July 16, 2019 10:27 am News Staff – Slightly more than one out of three cases of medical malpractice that result in death or permanent disability can be linked to inaccurate or delayed diagnosis. And of those cases, about three-quarters can be traced to diagnostic errors involving just three types of conditions: cancer, vascular events and infection.
That's according to a study published online July 11 in the peer-reviewed journal Diagnosis.
The research was funded by the Society to Improve Diagnosis in Medicine through a grant from the Gordon and Betty Moore Foundation. The AAFP supports the SIDM through its work with the Coalition to Improve Diagnosis, a collaboration of more than 50 health care and patient advocacy organizations convened and led by the SIDM.
"It is not just inconvenient to have a wrong or delayed diagnosis," said study lead author David Newman-Toker, M.D., Ph.D., director of the Johns Hopkins Armstrong Institute for Patient Safety and Quality's Center for Diagnostic Excellence, in a news release. "For many patients, misdiagnosis causes severe harm and expense, and in the worst cases, death."
Researchers from the Johns Hopkins University School of Medicine in Baltimore analyzed more than 55,000 malpractice claims reported to the Controlled Risk Insurance Company Ltd.'s Comparative Benchmarking System database from 2006-2015 to identify diseases or conditions that accounted for most serious misdiagnosis-related harms (morbidity/mortality). Diagnostic error cases isolated from CRICO's CBS database represented 28.7% of all U.S. malpractice claims.
Diseases were grouped according to the Agency for Healthcare Research and Quality's Clinical Classifications Software, which aggregates International Classification of Diseases diagnostic codes into clinically sensible groupings.
Specifically, the researchers analyzed claims for the so-called Big Three -- vascular events, infections and cancers -- which, according to previous research, collectively account for most of the morbidity and mortality attributable to diagnostic errors. High-severity harms were defined by scores of 6-9 (serious, permanent disability, or death) on the National Association of Insurance Commissioners Severity of Injury Scale. Of the malpractice claims attributable to diagnostic error, researchers reviewed underlying disease states to identify patterns of misdiagnosis.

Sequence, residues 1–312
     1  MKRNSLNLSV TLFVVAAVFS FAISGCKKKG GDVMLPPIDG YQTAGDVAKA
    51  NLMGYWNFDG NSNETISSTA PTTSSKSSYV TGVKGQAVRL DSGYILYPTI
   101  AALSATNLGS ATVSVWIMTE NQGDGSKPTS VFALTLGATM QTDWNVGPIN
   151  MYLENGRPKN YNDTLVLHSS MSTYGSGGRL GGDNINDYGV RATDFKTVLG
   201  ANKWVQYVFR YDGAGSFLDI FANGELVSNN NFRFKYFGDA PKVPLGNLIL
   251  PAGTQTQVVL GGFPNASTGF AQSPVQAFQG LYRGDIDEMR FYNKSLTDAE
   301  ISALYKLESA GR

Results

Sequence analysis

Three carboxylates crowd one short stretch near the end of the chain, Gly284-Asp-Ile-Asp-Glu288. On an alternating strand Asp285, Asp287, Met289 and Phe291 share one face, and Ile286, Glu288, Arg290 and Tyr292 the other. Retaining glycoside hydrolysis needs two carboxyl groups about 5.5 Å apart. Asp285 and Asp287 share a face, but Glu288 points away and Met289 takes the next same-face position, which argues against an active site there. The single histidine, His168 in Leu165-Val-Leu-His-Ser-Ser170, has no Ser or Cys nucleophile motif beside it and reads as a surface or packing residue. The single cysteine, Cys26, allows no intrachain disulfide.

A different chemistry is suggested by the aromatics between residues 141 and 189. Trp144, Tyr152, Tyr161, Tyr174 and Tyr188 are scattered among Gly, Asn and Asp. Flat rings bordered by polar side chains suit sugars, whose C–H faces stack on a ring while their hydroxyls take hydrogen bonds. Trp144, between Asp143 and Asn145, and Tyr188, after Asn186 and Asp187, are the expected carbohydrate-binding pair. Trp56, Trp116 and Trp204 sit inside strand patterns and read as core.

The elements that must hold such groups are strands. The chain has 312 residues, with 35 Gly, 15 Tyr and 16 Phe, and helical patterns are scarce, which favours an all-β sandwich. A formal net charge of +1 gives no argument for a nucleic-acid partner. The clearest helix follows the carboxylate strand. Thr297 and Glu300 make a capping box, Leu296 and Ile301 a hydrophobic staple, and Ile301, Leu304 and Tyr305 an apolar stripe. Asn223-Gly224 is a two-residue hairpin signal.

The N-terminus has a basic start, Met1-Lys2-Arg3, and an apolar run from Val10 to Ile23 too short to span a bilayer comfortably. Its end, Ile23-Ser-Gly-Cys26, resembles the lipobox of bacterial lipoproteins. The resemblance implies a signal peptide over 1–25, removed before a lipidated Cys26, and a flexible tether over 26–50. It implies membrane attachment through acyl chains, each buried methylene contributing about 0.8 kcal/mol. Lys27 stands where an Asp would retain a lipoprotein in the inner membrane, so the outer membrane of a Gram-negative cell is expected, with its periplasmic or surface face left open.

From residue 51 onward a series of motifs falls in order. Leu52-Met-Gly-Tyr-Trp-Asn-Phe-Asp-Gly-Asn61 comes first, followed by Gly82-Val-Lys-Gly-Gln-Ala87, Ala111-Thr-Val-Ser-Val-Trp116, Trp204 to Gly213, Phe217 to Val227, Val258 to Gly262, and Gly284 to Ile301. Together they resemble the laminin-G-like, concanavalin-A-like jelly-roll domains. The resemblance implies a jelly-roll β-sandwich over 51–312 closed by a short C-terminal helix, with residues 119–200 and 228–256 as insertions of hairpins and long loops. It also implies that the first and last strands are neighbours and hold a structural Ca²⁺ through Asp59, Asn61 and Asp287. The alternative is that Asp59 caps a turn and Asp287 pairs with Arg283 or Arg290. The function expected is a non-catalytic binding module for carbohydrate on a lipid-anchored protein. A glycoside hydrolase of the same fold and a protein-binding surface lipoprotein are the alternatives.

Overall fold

They found that the Big Three accounted for 74.1% of the diagnostic errors that caused the most harm, with the breakdown as follows: cancer (37.8%), vascular events (22.8%) and infection (13.5%). The most frequent disease in each respective category was lung cancer, stroke and sepsis.
Overall, these severe cases resulted in $1.8 billion in malpractice payouts during a 10-year period.
According to the authors, this research confirms that inaccurate or delayed diagnosis remains the most common, catastrophic and costly type of medical error in closed malpractice claims.
"If we're going to reduce serious harms from medical errors, major strides must be made to improve diagnostic accuracy and timeliness," said Newman-Toker, who also is SIDM president, in the release. "This study shows us where to focus to start making a difference for patients. It tells us that tackling diagnosis in these three specific disease areas could have a major impact on reducing misdiagnosis-related harms."
According to the news release, the researchers contend that improving diagnosis isn't solely the responsibility of physicians. Instead, it will require systemwide efforts that include involving patients and their families.
They also noted that research and quality improvement efforts should focus on interventions in the specific practice settings where the harm occurs, "such as stroke in the emergency department, sepsis in the hospital, and lung cancer in primary care."
"This work showcases that myriad factors contribute to missed and delayed diagnosis and highlights the need for further collaboration across the health care system to significantly improve diagnosis and ensure the best possible outcomes for patients," said SIDM CEO and co-founder Paul Epner, in the release. "The complexity of the diagnostic process and the collaborative approaches needed to improve accuracy mean change will not occur overnight."
One effort to address the multifaceted problem of diagnostic error is SIDM's ACT for Better Diagnosis initiative, which seeks to improve the diagnostic process by calling on Coalition to Improve Diagnosis members to identify and disseminate practical steps to better ensure diagnoses are Accurate, Communicated and Timely. As AAFP News reported last September, the Academy supports this effort.
Finally, the study authors said future research should seek to better clarify the relationship between harms reported in malpractice claims and harms that occur in real-world clinical practice, particularly with respect to cancer, which appears to be overrepresented in claims data.
For its part, the AAFP provides evidence-based guidance to facilitate accurate and timely diagnoses through its development of clinical practice guidelines, clinical preventive services recommendations and Choosing Wisely campaign recommendations.
American Family Physician and familydoctor.org also cover the AAFP's Choosing Wisely efforts and provide additional resources to facilitate discussions between family physicians and patients regarding appropriate tests and treatments.